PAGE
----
The Phase I/II ASPIRO study of Audentes Therapeutics' experimental gene replacement therapy AT132 for patients with X-linked myotubular myopathy (XLMTM) has been placed on clinical hold by the FDA. The move, which was detailed in a letter to patient groups, including the Myotubular Trust, follows the death of a second patient in the trial.
According to the letter, preliminary information suggests the immediate cause of death was sepsis, with the patient having progressive liver dysfunction characterised by hyperbilirubinaemia that occurred within the first four to six weeks following AT132 dosing, and which did not respond to standard treatment.
Similar clinical course
Audentes noted that similar to a patient death detailed last month, this second subject was one of three older patients who had received AT132 at the higher dose of 3×1014 vg/kg in whom serious adverse events (SAEs) of hepatobiliary disease have recently been observed. Investigations are ongoing, but Audentes said preliminary reports indicate the "clinical course was similar" in both cases.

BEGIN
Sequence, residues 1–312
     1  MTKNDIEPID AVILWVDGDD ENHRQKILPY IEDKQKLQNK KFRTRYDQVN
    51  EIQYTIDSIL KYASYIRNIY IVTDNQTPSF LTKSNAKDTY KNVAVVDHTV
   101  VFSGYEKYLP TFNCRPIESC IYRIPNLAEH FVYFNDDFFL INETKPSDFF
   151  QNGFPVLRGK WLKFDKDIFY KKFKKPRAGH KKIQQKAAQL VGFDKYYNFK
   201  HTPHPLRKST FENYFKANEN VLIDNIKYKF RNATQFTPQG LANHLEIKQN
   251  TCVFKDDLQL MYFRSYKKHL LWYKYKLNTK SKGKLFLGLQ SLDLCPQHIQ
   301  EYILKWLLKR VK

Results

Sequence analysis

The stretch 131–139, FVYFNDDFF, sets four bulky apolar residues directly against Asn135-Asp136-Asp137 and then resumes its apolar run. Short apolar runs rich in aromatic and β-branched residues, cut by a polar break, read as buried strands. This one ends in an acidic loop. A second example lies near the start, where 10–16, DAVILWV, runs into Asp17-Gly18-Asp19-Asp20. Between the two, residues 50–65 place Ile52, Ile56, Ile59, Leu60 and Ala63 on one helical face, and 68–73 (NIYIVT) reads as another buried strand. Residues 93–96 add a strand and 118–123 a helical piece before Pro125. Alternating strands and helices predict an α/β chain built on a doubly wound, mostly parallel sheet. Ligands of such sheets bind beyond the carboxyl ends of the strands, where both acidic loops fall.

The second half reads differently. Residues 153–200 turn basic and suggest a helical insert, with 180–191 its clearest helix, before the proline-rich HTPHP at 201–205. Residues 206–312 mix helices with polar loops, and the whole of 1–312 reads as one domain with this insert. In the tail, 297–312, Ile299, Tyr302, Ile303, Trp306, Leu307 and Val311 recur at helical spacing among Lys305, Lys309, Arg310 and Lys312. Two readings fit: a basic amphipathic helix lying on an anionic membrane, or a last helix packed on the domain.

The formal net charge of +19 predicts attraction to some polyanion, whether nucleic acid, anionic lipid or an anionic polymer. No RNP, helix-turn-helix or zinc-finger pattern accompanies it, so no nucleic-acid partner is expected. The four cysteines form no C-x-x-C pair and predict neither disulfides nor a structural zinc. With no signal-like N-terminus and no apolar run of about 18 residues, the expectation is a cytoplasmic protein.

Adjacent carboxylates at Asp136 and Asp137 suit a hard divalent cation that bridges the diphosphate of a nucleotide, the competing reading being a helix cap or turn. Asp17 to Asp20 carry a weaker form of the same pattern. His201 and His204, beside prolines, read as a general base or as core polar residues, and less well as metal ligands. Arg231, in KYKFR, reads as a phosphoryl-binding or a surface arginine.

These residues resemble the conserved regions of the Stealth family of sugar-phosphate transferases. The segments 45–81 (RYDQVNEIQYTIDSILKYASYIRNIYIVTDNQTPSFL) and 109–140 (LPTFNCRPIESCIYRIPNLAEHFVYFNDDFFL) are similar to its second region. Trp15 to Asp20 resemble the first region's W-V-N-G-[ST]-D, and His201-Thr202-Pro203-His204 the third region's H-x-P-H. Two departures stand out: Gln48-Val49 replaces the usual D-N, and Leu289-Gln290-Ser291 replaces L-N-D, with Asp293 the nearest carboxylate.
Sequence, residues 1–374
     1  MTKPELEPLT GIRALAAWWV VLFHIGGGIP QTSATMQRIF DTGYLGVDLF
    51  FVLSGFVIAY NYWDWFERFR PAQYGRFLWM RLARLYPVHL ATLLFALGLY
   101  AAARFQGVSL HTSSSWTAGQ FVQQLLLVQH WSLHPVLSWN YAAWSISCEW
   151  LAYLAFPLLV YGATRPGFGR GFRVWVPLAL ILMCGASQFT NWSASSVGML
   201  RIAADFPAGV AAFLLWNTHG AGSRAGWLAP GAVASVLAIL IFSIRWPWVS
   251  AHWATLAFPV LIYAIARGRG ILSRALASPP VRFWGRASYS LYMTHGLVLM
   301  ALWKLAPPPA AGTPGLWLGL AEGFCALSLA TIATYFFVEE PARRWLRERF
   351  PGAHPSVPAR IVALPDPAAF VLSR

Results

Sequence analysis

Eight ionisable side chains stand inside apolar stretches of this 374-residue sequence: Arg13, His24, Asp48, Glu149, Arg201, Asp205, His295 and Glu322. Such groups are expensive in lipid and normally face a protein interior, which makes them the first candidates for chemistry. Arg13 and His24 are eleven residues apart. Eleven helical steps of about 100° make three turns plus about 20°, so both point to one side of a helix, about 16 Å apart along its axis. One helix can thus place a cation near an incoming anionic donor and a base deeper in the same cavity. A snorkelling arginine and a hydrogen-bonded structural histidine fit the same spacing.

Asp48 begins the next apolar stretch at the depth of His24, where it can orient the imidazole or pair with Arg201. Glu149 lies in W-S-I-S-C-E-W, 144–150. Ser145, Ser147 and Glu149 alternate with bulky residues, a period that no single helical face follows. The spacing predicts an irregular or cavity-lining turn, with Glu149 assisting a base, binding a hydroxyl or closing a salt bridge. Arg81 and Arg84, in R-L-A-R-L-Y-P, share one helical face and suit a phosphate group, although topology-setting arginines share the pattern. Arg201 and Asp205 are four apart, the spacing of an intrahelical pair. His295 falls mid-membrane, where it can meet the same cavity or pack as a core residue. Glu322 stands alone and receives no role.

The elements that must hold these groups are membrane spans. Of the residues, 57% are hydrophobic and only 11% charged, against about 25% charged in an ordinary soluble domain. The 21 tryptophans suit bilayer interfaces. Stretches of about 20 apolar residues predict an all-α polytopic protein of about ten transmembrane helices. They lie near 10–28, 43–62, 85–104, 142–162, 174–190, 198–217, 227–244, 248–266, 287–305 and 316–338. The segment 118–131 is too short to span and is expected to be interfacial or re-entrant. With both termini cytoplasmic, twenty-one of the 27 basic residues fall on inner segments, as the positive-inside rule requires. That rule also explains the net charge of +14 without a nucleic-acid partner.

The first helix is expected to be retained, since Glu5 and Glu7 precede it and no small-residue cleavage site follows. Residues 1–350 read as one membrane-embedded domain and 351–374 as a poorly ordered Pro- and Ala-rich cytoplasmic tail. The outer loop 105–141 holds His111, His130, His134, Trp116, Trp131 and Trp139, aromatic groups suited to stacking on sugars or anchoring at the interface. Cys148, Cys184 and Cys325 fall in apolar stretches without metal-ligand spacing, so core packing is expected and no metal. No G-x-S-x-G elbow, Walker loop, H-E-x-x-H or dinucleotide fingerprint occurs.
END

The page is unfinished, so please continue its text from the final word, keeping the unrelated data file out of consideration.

The company noted that in consultation with ASPIRO's data monitoring committee, it had, prior to both of these deaths, stopped further dosing of patients currently enrolled in the study. ASPIRO was formally put on clinical hold after discussions with the FDA.
"We continue to follow and actively monitor those patients who are enrolled in the trial," Audentes stated, adding "it should be noted that among the six patients treated at 1x1014 vg/kg, including four with a previous history of hepatobiliary disease, none have developed liver SAEs, despite being years out from treatment."
Planned filings on hold
In October, the company reported data from the trial showing that the first seven treated patients with XLMTM were ventilator-independent and able to rise to a standing position or walk, while "continued significant and durable improvements in respiratory function and developmental motor milestones" were seen in all treated patients. At the time, Audentes indicated that AT132 was "generally well-tolerated with a manageable safety profile across both dose cohorts."
The study, which has an estimated enrollment of 24 patients, is assessing the primary endpoints of treatment-emergent adverse events, as well as change from baseline in hours of ventilation support over time through week 24.
The company, which was acquired by Astellas earlier this year for about $3 billion, said Monday that it is currently assessing the impact of the latest news on potential regulatory filings for AT132, which will now not go ahead in mid-2020 as previously planned.
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